For city officials and commissioners, what constitutes a ‘conflict of interest’?


Social media and comments at City Council raise a number of interpretations and opinions

The slow-growth and no-growth constituents of Malibu tend to be the watchdogs of City Hall — especially when it comes to builders, developers, and any hint of impropriety. They exerted enough pressure to get several past allegations investigated by outside attorneys and consultants, but no legal actions ever resulted.

In the most recent accusation of “conflict of interest” at City Hall, it was widely circulated on social media last week that Planning Commissioner Skylar Peak, an electrical contractor, was now working on a house that he voted to approve back in 2018 when he was on City Council. 

However, nearly five years have passed since he voted to approve the project, the property was purchased by new owners during that time, and there is no evidence that he expected to get a contract four years after his vote.

Peak said in a phone interview that the allegations against him were completely false. 

“It’s a non-story and a non-issue,” he said, adding that he would never knowingly vote to approve something for his own personal benefit, and emphasized that the owners of the property had changed. Peak pointed out that no one would ever be able to vote on anything if they could be held accountable for what happens “later on down the line.” 

Because so many residents of Malibu are attorneys, architects, and contractors; or involved in selling, renting or buying real estate, it begs the question of how it would ever be possible to appoint qualified planning commissioners if all those whose livelihoods depended on real estate or development could no longer be considered — those commissioners need to be able to read plans and interpret codes.

During the City Councilmember updates last Monday, Councilmember Marianne Riggins brought up the subject of planning commissioners, which clearly had her feeling very irate.

“There have been some comments on social media that I find quite disturbing … innuendos charged against my appointee to the Planning Commission, Skyler Peak, with regard to things that may have occurred when he was a City Council member, and then now in his job as a contractor,” she said. “There were four years separation and different owners on this alleged act that people are commenting about in the community.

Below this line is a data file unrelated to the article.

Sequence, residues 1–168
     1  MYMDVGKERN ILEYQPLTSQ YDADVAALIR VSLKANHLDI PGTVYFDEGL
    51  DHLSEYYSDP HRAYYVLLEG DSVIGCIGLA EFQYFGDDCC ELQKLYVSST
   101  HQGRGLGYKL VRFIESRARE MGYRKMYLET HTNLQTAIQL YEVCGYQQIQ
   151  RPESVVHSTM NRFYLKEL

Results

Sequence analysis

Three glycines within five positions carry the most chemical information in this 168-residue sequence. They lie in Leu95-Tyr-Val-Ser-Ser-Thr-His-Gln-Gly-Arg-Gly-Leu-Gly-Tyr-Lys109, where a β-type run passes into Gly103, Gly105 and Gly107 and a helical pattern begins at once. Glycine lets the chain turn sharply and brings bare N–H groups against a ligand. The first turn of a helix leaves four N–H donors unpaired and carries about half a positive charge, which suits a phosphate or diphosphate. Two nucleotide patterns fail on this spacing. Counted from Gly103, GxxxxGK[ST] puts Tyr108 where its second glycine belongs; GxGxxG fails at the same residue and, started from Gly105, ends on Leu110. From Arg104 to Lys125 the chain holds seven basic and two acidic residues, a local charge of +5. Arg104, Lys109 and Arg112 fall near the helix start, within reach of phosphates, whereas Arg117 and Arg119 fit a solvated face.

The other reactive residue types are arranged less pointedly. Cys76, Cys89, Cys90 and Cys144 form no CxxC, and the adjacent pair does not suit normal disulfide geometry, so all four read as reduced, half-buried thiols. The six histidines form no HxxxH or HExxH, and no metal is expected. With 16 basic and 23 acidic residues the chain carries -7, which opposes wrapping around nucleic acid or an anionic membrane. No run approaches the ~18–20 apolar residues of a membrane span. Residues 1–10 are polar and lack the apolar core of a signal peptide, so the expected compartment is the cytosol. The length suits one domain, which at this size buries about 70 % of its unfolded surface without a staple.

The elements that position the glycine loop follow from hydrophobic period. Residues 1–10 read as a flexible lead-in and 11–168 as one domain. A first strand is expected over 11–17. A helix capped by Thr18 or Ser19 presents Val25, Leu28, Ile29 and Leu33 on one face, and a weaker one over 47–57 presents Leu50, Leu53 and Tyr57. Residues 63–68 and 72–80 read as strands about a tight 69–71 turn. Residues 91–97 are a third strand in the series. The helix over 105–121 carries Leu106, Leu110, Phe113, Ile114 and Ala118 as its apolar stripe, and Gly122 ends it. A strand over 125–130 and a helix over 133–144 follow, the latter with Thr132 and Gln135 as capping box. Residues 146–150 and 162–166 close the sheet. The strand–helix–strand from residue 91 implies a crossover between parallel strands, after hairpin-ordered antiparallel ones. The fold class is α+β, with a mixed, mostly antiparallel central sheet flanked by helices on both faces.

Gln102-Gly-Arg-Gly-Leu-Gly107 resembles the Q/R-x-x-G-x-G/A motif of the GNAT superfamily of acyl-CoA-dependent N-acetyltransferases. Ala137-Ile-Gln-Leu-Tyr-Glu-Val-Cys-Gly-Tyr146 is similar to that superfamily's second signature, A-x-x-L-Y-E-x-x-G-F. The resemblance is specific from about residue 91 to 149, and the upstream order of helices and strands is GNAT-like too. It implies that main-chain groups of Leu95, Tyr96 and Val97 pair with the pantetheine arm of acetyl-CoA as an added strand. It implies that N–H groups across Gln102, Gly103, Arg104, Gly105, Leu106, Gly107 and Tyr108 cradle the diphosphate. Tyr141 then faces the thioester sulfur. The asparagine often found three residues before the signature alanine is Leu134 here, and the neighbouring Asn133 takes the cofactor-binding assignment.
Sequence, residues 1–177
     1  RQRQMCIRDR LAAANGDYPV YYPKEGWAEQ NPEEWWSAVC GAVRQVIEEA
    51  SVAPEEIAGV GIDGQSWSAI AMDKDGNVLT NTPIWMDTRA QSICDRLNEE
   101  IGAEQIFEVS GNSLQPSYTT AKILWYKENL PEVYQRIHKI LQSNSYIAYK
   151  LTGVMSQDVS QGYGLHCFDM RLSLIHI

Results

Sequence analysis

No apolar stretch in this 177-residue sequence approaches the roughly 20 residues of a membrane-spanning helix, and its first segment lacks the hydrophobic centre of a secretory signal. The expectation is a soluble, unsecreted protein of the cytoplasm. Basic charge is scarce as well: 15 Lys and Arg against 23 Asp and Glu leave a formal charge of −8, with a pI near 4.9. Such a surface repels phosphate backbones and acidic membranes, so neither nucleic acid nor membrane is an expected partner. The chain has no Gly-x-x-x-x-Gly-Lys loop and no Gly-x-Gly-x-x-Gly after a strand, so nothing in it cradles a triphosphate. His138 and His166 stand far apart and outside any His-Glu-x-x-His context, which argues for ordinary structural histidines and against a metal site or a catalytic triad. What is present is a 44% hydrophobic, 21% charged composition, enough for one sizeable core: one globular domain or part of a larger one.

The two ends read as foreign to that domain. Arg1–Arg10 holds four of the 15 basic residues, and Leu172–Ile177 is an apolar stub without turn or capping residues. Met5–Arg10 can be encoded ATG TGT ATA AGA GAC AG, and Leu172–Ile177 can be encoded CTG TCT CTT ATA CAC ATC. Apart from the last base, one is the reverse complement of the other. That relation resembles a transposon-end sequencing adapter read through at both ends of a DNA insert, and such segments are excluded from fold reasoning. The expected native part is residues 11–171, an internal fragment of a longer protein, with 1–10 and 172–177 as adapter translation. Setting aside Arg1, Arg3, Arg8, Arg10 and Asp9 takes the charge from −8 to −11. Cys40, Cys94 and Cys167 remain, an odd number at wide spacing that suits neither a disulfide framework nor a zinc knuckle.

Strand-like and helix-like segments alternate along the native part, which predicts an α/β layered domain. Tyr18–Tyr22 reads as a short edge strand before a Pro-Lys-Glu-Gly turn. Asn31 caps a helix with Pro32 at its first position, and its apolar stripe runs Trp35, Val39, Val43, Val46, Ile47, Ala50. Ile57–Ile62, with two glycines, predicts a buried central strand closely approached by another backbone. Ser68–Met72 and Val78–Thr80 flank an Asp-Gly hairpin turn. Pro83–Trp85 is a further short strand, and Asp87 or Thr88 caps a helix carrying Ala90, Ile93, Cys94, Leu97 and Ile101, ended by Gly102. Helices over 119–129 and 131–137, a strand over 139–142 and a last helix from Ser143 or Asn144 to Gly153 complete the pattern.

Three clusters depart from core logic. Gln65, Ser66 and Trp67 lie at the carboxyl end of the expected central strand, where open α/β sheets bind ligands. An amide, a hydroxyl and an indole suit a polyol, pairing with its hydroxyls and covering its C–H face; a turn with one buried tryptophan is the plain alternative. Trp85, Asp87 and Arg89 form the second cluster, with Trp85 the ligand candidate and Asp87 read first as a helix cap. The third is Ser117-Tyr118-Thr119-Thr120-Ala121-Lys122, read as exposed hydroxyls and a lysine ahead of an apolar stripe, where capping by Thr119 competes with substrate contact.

“I’m proud to have been able to appoint Skyler to the Planning Commission. He brings a wealth of knowledge and experience and a love of our community and the environment, and I find it very disappointing that there are innuendos against him.”

Mayor Bruce Silverstein also commented on the issue, saying he wasn’t familiar with various complaints about the planning commissioners.

“But one thing I do know is that we do have now, and in the past, members of the commission who are contractors or others whose livelihood depends on development, “ he said. “And I … don’t see how [they] can make truly impartial decisions on … interpreting codes … when more development means more business in general and less development means less business in general.”

A Malibu resident who asked to remain anonymous provided The Malibu Times with the following “proof” that Peak voted for the project and then did electrical work on it years later: a photo of a Peak Power Electric truck parked at that jobsite, an “Electrical Permit Application” submitted to the City of Malibu by Peak Power Electric, Inc. showing a fee of $5,292.83 and approved on Jan. 14, 2022, and a copy of the City Council’s approval of the Coastal Development Permit for that property on Portshead Road signed by Mayor Skylar Peak on Jan. 10, 2018.

But the “proof” does not prove that Peak had any idea he would work on that property four years later for different owners.

Resident Jo Drummond emailed various city officials right after City Council comments last Monday, expressing her opinion

“The point of the matter is — should someone who can make money off of a vote be on the planning commission?,” she wrote. “It doesn’t matter how many years have gone by or if ownership changed — he worked on a project that he voted to approve … I agree with Mayor Silverstein that a policy needs to be established to either not allow contractors or anyone who benefits financially from or even against development to be on the Planning Commission, or they swear some oath that they never work on a project in the future that they voted to approve.”

As of now, most residents simply trust that those elected as councilmembers and appointed as commissioners will recuse themselves from voting on any issue where they may have a conflict of interest. In addition, City Council members must file statements of economic interest with the City Clerk, which can be obtained from the Fair Political Practices Commission (FPPC) or the City Clerk.